Zareby Koscielne New Jewish Cemetery
According to historical sources, there are two Jewish cemeteries in Zaręby. The first was located two blocks from the market square between Kowalska and Czyżewska Street. Unfortunately, there is no further information about the area and fate of the cemetery. It was likely established in the mid-17th century together with the school, or perhaps even earlier. In the memorial book, Shavke Fridman mentions that the cemetery was covered with another layer of soil in 1681. In the place of the former cemetery, there is now a police station.
The second Jewish cemetery was likely founded in the first half of the 19th century. It was located further east of the market square, on the road to Grabów. It covered an area of approximately 1.7 hectares. The cemetery was likely destroyed during World War II and was later closed for burial purposes in 1961. Currently, a small grove and farmland are located there. There is no sign of the previous function of the area. Small hills in the cemetery may be traces of graves. No tombstones have survived.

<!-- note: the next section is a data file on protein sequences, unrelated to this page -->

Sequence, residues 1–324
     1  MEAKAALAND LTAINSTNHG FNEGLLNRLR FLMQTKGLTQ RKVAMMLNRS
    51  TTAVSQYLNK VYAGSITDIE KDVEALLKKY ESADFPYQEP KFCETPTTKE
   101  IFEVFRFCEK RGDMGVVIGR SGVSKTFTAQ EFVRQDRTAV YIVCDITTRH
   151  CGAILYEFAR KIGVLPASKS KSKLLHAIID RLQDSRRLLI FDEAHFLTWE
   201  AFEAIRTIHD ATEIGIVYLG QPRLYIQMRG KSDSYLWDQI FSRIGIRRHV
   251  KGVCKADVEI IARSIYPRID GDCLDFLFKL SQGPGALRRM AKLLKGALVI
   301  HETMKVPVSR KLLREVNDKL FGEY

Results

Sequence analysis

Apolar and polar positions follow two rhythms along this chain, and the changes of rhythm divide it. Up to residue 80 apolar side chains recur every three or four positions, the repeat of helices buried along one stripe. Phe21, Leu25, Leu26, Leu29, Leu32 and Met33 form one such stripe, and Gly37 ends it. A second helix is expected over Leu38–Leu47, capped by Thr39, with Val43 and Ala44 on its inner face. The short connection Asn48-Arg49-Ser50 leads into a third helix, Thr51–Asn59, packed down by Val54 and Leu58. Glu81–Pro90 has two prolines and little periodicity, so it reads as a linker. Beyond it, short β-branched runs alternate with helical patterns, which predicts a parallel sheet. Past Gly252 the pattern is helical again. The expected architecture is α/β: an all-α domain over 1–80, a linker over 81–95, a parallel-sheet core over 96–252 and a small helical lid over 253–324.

Zaręby was first historically mentioned in 1410 and was later granted German location rights by Bolesław IV in 1448. The first mention of Jewish settlement only appeared in 1638. In 1680, there was a Jewish school and a place for a cemetery was designated. In 1732, the settlement was granted town rights. In 1764, 25 Jewish families lived there (about 125 people). In 1862, a line of the St. Petersburg-Warsaw railway was built nearby, which contributed to the economic revival of the town. At the end of the 19th century, Jews constituted 31.7% of the town’s population (1,959 people).
As a result of artillery fire, the area around the market square was burnt, and some inhabitants were sent further into the Russian Empire during World War I. In 1939, Jews constituted 88% of the population. During World War II, almost 70% of the town’s buildings were partially destroyed (bombs also fell on the Jewish quarter). On September 28, 1941, the Jews were expelled to the ghetto in Czyżewo, yet while on the way, most of them (about 2,000 people) were shot by the Germans in the anti-tank pit in the forests near Mianówek. Today there is a monument at the site of the murder.